To us, that means being lean, efficient and constantly sharing as much information as possible. In the concrete, it also means documenting processes in an effort to reduce the amount of tribal knowledge and constantly challenging our thoughts by reading books and articles, consuming podcasts, and having difficult conversations. We aim to learn how others think, how they approach their business, what is working for them, what is not working and why.
Even though we’re always evaluating ideas individually, looking for ways to keep ourselves malleable enough to adapt as required, the executive team also makes a point of reading the same book at the same time once a year. We then discuss what we like about the ideas presented, what we don’t like, why and whether Corgibytes could benefit from incorporating some of the practices presented. Once we’ve evaluated enough of the information, we consult with the team on the aspects we think might be of value so as to gain their perspective as well.
The most important part is to ensure that whatever we’re considering fits us. We joke that we Corgify processes. We’re not interested in blindly implementing what works at other companies because we have our own unique ecosystem going on here and we wish to preserve what make us special while adapting.
When reviewing whether something is for us, we keep in mind our mission, our core values, and an eye out for red flags such as these two:
Just because a book is popular, and “everyone” is reading it/talking about it/implementing it doesn’t mean it’s right for us. It might be really amazing. But it might also only be that someone did an outstanding marketing job. So we really dig in and analyse the concepts.
The Blank Slate
Be wary of statements to the effect that “everything you know about” – insert topic – is “wrong” because all the scholars before this author were clueless and this author has cracked the code/found the magic bullet. Of course, discoveries happen, new information arises, and things change. But, as firm believers in the value of maintaining and improving legacy code, we like to also view operational-type information in the context in which it was created and update what is needed with care and consideration. Even though there may be times when throwing the whole thing out and starting fresh may be advisable, let’s be sure that’s truly the case and not just toss it because it’s “old” advice.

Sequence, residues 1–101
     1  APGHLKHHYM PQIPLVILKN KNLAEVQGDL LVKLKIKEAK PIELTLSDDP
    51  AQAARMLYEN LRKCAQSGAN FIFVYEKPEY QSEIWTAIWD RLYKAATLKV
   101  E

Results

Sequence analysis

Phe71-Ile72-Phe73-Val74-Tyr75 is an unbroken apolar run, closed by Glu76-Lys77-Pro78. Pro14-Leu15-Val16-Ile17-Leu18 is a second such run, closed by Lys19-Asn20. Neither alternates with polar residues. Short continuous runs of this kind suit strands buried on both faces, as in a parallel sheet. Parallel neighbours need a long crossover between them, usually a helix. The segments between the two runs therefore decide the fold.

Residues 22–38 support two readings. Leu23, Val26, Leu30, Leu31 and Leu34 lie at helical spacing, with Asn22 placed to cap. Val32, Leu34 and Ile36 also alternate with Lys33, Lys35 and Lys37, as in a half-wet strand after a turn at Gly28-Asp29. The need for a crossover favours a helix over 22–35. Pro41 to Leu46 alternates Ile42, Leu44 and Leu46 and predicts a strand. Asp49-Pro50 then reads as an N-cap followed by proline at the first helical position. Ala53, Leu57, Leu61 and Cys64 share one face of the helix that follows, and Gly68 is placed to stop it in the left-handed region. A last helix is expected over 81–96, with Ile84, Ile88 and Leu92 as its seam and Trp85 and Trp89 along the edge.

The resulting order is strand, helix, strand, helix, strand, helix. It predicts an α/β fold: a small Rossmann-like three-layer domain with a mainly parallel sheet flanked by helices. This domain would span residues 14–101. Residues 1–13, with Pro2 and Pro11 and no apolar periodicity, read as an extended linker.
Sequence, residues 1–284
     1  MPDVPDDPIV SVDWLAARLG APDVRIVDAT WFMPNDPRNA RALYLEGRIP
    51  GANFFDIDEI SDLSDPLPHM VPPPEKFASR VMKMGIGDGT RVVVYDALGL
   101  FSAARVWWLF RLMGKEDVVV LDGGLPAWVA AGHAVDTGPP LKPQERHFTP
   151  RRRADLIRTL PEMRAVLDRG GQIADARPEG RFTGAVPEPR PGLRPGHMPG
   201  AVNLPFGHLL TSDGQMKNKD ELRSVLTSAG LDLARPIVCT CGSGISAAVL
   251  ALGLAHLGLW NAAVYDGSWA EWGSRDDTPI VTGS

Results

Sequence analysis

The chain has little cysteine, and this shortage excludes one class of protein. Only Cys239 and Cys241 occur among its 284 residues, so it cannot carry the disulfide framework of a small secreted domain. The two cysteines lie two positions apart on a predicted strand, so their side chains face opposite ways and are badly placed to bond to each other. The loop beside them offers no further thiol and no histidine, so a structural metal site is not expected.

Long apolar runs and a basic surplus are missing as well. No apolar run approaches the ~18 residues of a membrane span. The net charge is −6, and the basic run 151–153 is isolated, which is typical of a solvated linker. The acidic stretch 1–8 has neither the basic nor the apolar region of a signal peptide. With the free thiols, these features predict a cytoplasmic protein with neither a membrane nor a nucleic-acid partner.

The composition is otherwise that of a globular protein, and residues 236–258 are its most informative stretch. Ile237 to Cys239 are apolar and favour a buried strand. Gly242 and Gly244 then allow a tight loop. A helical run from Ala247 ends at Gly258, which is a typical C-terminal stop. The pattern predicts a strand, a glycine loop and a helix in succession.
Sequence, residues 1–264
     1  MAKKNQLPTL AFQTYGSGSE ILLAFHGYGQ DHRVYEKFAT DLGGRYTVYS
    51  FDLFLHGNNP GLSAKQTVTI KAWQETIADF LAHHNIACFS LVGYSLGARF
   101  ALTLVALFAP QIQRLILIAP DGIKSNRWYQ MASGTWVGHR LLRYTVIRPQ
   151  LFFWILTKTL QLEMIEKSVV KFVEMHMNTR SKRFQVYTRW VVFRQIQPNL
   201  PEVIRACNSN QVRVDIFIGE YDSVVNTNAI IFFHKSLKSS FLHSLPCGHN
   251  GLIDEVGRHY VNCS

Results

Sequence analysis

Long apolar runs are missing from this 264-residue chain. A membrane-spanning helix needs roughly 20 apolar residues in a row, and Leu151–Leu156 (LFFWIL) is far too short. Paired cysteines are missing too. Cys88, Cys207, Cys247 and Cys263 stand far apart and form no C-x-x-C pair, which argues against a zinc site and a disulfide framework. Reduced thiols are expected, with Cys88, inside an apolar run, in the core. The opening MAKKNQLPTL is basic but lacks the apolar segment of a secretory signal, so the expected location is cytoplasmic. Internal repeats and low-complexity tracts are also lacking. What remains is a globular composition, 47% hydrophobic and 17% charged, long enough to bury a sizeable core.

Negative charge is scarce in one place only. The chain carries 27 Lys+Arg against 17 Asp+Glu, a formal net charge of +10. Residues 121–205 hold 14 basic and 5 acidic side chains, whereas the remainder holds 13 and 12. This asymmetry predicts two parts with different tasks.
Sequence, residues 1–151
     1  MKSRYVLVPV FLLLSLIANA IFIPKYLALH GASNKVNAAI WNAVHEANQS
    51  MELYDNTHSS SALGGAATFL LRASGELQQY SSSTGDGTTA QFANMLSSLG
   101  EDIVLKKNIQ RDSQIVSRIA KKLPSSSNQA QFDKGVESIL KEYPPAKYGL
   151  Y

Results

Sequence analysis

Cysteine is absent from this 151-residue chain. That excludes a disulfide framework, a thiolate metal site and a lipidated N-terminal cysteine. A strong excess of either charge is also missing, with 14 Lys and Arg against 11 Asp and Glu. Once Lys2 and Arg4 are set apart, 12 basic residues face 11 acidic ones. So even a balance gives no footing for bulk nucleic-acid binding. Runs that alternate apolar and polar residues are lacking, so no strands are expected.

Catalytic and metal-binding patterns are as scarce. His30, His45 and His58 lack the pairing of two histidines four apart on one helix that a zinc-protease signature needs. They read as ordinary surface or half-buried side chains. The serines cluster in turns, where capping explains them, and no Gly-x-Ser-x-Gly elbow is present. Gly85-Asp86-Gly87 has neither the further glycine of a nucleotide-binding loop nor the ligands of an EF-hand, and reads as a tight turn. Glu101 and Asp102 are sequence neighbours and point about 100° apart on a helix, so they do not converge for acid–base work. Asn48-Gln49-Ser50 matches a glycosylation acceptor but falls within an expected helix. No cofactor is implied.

When we do encounter such red flags, we also do not toss it all out. We add an extra filter of critical thinking and still extract the good from it.
When it comes to keeping operations or the business secure, we too rely on a network of professionals. To help us ensure we’re compliant, that we’re meeting our obligations and doing our due diligence, we employ the services of:
- an accounting team,
- HR specialists,
- payroll specialists,
- registered agents,
- insurance brokers, and more.
Processes that involve laws and requirements could mean hefty fines, penalties and much worse. To avoid building and growing a business on shaky grounds, surround yourself with these experts as needed and ask a lot of questions. Just like we make sure our clients get the gist of what we’re talking about, even when discussing highly-technical topics, our chosen extended team also takes the time to answer our questions so that we’re able to obtain enough information to make informed decisions.
If your chosen professional starts “blinding” you with all these terms and confusing explanations, don’t assume it’s you. They could be hiding behind their own lack of understanding. Make sure they are clear and transparent with you.
Cleaning Up Operational Debt
Whether we’re performing these health checks or coming up with ways to improve, all that we do is infused with our mission and core values.
Even though we don’t always get things right, we come from a place of good intent. We want to make things better. We want healthy operations in all of its facets.
Whether you’re aiming to go the distance like Nintendo, Netflix or Starbucks, or your goal is to be the best small organization you can be, block off time to gain new information, determine what works for you and what doesn’t and implement where it makes sense to try. Don’t let operational debt accumulate. Take it one incremental improvement at a time toward becoming stable, scaleable and secure.